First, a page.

It is also questionable how the proposal can be reconciled with the International Labour Organisation’s Convention 87, titled “Freedom of Association and Protection of the Right to Organise.” The convention, ratified by Sweden in 1949, requires all ratifying countries “to take all necessary and appropriate measures to ensure that workers and employers may exercise freely the right to organise.” It further states that “the law of the land shall not be such as to impair, nor shall it be so applied as to impair, the guarantees provided for in this Convention.” Now, in practice, the right for Swedish workers to join particular labor organizations will be rendered meaningless if these organizations have no right to act. The conundrum becomes particularly obvious if we look at how “freedom of association” is defined in Article 11 of the European Convention on Human Rights, ratified by Sweden in 1953: “Everyone has the right to freedom of peaceful assembly and to freedom of association with others, including the right to form and to join trade unions for the protection of his interests.” Yes, workers should be able to join trade unions for the protection of their interests, not just for the heck of it.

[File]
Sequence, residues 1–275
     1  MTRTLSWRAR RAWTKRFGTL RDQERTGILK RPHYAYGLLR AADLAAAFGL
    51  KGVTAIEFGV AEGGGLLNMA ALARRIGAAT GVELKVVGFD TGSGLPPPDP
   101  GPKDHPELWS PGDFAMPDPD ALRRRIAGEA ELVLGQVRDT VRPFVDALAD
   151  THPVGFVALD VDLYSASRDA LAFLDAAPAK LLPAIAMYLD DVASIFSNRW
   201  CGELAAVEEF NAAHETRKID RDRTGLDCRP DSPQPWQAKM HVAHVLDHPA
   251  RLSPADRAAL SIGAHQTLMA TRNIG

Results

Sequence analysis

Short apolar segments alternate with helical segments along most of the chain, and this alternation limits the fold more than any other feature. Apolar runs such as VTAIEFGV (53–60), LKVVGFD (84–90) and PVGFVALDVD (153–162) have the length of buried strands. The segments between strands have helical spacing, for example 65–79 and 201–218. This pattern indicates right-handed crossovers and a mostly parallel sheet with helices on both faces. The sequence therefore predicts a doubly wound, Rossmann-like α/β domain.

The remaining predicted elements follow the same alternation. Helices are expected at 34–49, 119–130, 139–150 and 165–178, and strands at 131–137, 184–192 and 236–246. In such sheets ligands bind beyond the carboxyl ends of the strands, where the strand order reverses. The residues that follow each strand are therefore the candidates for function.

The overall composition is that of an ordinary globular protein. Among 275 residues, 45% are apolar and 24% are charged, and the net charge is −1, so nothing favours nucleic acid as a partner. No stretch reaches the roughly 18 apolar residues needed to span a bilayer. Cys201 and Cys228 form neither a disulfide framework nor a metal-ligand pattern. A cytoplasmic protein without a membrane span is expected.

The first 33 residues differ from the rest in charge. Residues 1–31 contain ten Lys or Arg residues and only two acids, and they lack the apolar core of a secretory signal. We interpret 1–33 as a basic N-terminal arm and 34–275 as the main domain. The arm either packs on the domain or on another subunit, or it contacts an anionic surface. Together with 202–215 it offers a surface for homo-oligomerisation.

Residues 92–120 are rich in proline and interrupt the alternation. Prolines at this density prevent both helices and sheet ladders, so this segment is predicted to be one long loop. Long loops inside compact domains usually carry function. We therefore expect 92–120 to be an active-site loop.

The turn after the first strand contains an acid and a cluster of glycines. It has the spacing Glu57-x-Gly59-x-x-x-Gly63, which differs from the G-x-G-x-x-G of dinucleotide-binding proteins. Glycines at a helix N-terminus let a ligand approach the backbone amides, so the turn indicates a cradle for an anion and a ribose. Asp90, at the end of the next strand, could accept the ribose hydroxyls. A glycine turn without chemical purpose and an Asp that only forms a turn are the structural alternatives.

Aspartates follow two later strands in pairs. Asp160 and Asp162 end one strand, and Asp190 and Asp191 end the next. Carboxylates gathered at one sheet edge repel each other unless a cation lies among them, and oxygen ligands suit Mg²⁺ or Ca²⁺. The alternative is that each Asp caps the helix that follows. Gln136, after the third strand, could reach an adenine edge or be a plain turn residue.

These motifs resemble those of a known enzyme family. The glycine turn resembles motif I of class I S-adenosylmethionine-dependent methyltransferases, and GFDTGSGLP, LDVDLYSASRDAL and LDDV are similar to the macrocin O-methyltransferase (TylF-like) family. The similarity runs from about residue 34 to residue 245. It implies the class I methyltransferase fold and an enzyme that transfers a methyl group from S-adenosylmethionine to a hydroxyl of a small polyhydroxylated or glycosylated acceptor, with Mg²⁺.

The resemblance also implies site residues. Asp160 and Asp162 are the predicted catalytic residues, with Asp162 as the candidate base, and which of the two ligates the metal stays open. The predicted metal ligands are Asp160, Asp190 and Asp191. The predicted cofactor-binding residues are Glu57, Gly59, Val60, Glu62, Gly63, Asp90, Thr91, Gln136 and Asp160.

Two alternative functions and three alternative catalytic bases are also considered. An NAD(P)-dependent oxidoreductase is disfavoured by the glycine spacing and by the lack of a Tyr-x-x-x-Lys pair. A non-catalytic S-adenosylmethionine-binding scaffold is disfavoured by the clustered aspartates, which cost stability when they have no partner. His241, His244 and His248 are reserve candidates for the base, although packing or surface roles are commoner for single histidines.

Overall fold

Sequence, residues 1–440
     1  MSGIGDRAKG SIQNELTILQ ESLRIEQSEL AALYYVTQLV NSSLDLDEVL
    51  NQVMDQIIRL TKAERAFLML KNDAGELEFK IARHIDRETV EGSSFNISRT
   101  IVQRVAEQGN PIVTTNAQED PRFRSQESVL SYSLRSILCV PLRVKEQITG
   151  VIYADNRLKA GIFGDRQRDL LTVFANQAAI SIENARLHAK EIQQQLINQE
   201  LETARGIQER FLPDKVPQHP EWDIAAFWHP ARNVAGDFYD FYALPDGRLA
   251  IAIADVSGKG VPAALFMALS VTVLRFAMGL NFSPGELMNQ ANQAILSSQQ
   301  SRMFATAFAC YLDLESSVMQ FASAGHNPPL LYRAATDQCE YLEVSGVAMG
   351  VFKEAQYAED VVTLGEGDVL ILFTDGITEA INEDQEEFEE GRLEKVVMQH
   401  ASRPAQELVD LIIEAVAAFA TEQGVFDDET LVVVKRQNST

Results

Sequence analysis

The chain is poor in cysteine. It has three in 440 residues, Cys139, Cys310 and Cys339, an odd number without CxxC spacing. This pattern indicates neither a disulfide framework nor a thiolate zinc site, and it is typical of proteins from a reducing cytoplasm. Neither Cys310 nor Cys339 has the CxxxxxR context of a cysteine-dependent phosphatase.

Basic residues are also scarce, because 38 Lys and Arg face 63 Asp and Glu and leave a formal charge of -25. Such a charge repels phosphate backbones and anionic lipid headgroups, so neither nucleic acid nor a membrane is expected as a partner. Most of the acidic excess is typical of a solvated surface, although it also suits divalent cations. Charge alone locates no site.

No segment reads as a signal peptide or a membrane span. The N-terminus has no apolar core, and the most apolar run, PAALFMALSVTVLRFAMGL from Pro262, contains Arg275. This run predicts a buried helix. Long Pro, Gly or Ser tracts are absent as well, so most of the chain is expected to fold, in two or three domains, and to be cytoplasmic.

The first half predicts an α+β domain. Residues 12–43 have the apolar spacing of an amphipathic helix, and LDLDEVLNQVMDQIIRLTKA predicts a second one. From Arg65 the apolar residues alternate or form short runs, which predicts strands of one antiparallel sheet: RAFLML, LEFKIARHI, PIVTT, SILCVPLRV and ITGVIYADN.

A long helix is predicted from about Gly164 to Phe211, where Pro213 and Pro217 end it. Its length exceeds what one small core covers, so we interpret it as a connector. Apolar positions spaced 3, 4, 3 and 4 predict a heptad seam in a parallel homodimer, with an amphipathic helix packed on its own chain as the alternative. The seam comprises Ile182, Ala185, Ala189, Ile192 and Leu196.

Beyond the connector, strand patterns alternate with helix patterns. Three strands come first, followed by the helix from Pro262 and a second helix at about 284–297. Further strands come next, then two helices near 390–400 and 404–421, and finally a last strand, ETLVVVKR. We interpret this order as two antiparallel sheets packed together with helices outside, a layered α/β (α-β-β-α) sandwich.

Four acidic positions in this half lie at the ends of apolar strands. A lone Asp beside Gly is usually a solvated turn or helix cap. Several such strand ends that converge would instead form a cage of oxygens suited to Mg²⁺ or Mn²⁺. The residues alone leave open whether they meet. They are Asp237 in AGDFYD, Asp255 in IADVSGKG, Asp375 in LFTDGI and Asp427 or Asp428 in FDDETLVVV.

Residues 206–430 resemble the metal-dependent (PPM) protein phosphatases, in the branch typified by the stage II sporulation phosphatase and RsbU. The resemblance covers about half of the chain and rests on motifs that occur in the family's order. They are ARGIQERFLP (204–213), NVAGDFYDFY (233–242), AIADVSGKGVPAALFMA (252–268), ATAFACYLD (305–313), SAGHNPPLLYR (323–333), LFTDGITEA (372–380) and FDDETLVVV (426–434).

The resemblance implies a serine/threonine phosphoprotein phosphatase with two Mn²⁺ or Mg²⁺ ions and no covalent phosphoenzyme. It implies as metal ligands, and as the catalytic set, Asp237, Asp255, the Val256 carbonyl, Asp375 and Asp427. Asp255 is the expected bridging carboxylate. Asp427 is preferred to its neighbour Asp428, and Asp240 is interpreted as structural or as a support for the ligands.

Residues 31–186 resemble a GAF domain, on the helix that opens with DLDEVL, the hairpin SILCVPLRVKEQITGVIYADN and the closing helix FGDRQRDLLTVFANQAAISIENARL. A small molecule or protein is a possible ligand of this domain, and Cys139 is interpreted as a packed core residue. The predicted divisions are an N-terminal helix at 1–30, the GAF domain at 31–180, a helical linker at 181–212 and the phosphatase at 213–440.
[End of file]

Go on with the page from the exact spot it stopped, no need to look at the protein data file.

If, as suggested by its authors, the “Peace Obligation” proposal will become law by January 1, 2020, independent unions that have not yet come to power-sharing agreements with the ruling class – or that have no interest in ever signing any such agreements – can no longer act as unions. The syndicalist SAC, for example, opposes signing collective bargaining agreements due to the stipulations that already come with them according to Swedish law, for example non-strike agreements and other restrictions on their activities.
If the “Peace Obligation” proposal becomes law, industrial action will pretty much disappear from a country where it already has become rare given the social-democratic institutionalization of the workers’ movement. Since the 1980s, the number of strike days has steadily decreased. In 1986, there were still 682,652 strike days registered. In 2017, there were 329. The SAC, with a modest membership of 3000 people, often tops the annual list.
The 2017 strikes at the Port of Gothenburg, led by the Swedish Dockworkers’ Union, are often considered as the events that triggered the “Peace Obligation” proposal. The Swedish Dockworkers’ Union, one of Sweden’s biggest independent unions, has been denied collective bargaining rights since it split from the Swedish Transport Workers’ Union in 1972. This has led to repeated labor unrest at the Port of Gothenburg, Scandinavia’s biggest. The purported loss for Swedish industry caused by the 2017 strikes was estimated at half a billion US dollars.
However, the conflict at the Port of Gothenburg mainly served as an excuse for the ruling class to move its positions forward. Already in 2005, the Confederation of Swedish Enterprise had published a report with the revealing title “The Swedish Model Has Capsized.” Its authors bemoan the unfair advantage that trade unions allegedly have in Sweden vis-à-vis industry, or, to use the report’s official wording, “the imbalance between the partners on the labor market.”